Sunday, June 30, 2013
Finances for the Junior Officer
Newly commissioned Ensigns will typically spend 2-12 months in a training pipeline before they get to practice any tactical skills in a multimillion dollar Navy platform. All this training pays off (we DO have the best Navy in the world), but we spend surprisingly little time training on other basics, one of which is financial planning. Considering that we spend more time in physical training in high school than any financial courses, and that having bad finances can wreck your security clearance, after commissioning you need to consider where you sit on finances and have a robust plan.
But, how do you do this?
After commissioning, I recommend every new Ensign take the following financial-related actions:
1. Locate every account in your name that has money in it and write it down.
This involves calling your parents and asking them where they may have saved money in your name. You need to know what you own. If you check your accounts online, you probably want to write down where every account it located at, as well as account numbers and passwords (and lock it up or encrypt it!).
2. Establish what accounts have what purposes, and automate the majority of it.
Maybe you want Bank A, with credit card A, to be your travel account and bank B and credit card B to be your "pay all the bills account." You can do what's easy for you, but you need to write it down. Also, where possible, get your bills automatically paid monthly with a web bill pay of some kind. Automation reduces the risk of a late payment.
3. Setup a rainy-day fund of 10,000 dollars.
Start putting money into a rainy-day fund. I use a high-interest savings account that I deposit money in on a regular basis. 10,000 dollars is a lot of money, but you can work to that over 2 years (put away 400 a month). The safety net is for when disaster strikes: you wreck your car, your house floods, etc. It keeps you from having to go back to mommy and daddy, and gets you into setting financial goals.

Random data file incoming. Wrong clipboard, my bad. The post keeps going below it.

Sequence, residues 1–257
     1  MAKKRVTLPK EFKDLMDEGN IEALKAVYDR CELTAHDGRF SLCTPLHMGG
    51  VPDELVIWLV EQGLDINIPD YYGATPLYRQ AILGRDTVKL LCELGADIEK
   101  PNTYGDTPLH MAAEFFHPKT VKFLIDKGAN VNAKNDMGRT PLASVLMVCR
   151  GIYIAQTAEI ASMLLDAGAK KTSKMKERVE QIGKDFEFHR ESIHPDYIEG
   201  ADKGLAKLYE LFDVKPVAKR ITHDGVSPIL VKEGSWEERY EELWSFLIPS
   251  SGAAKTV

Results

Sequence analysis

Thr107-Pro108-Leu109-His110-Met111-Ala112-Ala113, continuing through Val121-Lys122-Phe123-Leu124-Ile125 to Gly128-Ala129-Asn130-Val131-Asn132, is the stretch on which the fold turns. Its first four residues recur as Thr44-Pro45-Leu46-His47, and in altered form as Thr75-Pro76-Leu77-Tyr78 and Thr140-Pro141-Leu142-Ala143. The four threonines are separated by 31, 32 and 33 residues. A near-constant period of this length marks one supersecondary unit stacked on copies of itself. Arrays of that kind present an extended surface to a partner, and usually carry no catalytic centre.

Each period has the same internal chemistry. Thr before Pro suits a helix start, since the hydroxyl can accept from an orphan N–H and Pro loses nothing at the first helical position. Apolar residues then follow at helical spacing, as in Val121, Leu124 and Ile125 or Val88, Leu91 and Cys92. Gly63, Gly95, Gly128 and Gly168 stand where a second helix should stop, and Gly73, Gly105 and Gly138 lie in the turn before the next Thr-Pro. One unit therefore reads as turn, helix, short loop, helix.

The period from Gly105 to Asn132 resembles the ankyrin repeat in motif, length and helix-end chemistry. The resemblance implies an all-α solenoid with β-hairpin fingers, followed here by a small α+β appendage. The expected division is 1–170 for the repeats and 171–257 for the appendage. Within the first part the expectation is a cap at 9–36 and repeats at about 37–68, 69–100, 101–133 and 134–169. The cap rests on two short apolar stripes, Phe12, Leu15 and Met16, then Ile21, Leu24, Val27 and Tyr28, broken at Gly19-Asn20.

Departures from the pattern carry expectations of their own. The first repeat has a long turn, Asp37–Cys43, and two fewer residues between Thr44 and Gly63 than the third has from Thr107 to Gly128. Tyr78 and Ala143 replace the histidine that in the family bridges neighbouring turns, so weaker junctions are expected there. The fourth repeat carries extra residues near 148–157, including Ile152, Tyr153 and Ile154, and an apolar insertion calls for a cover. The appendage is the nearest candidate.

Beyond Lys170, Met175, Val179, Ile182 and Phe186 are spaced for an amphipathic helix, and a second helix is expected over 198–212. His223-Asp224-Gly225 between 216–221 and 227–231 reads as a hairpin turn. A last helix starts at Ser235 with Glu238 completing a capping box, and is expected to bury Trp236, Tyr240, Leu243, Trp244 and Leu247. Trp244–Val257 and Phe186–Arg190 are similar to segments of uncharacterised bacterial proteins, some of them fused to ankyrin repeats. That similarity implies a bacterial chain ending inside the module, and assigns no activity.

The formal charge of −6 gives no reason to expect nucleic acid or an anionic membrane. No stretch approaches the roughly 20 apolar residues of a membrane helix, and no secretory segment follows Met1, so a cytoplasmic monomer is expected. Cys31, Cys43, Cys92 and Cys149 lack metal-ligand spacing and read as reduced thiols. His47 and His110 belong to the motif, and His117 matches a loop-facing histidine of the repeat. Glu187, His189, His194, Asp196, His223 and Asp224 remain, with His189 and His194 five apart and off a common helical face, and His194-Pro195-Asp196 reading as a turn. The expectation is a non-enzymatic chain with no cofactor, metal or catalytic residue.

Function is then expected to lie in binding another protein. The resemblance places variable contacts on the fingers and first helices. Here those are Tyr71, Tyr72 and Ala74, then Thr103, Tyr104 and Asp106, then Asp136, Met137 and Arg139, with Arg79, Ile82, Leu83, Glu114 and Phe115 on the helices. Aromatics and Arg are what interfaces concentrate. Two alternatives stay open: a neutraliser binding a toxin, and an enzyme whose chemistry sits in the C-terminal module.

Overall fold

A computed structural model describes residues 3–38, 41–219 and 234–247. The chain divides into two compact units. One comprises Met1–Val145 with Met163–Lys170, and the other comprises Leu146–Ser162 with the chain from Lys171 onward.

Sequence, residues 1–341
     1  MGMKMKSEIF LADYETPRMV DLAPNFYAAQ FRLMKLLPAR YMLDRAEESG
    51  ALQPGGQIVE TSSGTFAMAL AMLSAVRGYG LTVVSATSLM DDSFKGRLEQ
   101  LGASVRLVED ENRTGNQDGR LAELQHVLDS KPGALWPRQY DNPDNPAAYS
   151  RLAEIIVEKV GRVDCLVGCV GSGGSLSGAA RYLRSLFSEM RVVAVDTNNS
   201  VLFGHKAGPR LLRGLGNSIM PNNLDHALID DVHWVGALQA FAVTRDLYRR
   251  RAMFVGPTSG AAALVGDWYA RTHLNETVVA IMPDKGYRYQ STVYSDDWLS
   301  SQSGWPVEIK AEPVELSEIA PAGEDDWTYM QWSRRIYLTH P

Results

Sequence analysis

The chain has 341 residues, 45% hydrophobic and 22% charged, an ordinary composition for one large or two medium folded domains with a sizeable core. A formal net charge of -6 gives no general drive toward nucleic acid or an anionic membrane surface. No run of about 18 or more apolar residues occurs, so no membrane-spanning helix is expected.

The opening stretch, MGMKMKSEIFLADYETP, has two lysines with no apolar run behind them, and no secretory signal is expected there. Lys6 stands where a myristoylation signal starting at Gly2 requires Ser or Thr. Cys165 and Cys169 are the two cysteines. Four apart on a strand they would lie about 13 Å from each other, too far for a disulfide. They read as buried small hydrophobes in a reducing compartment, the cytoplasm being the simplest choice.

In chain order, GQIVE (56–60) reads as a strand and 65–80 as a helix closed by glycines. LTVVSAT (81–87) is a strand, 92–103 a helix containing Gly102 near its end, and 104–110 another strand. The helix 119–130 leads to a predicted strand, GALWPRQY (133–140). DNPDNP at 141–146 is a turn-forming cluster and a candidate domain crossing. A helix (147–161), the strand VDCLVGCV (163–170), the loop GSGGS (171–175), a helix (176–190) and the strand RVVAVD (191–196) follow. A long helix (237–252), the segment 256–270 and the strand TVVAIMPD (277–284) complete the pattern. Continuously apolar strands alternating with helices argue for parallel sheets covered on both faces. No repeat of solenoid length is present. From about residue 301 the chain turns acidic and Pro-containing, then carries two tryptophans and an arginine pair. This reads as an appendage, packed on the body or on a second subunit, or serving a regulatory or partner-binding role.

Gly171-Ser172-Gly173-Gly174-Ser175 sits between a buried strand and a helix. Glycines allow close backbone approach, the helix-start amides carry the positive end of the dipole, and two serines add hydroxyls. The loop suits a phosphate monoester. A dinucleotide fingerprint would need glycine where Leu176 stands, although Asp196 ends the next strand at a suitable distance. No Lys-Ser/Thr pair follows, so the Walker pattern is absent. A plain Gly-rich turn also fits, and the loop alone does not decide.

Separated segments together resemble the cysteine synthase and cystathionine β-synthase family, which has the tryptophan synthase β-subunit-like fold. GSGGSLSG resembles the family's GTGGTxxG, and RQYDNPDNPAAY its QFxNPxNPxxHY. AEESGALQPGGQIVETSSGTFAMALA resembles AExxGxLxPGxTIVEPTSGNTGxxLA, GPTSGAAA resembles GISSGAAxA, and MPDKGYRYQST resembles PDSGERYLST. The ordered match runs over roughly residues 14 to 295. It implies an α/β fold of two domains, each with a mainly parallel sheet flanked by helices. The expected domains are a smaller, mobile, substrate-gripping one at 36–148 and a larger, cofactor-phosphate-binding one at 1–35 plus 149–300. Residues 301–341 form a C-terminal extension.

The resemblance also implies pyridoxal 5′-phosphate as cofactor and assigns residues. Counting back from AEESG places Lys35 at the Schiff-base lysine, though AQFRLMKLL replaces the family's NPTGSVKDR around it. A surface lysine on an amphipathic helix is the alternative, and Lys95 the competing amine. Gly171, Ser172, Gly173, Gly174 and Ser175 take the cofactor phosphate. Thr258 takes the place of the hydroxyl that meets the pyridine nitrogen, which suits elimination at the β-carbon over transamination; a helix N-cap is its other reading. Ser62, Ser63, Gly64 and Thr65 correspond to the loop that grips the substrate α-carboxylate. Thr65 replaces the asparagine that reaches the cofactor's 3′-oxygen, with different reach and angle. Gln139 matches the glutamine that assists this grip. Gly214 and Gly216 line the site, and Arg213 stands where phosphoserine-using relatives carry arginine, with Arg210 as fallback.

4. Know when all your debts will be paid off.
Got student loans? Start using a loan calculator and figure out when they will be paid off. I recommend having all loans paid off by the time your first commitment (normally 5 years) is up. That way, should you decide to leave the Navy, you can do so debt free. You can pay more than the minimum amount each month on your loan to get it paid off faster; use a loan calculator to figure it out, or simply call the company.
Debt is not a bad thing if you control it. Paying off debt will help you build a better credit score. But debt doesn't go away quickly. You need to chip at it month by month, and that is much easier to do if you start early.
Don't forget about your spouses debt too. I added extra money to her student loans so that our new SUV and her loans are all paid off at the end of the same year. We had to squeeze down on some of our lifestyle, but I'm safe in the knowledge that should I not select for my next rank, I can leave the Navy and not have massive debt hanging over my head.
5. Know your credit score.
Go to https://www.annualcreditreport.com/cra/index.jsp for your free credit score. Put a reminder to check it every year and ensure it is accurate with all three agencies. If there are mistakes, get them fixed ASAP. Once you start moving around, it gets harder and harder to remember what happened two years ago, and you don't want a surprise when you're going to purchase a home.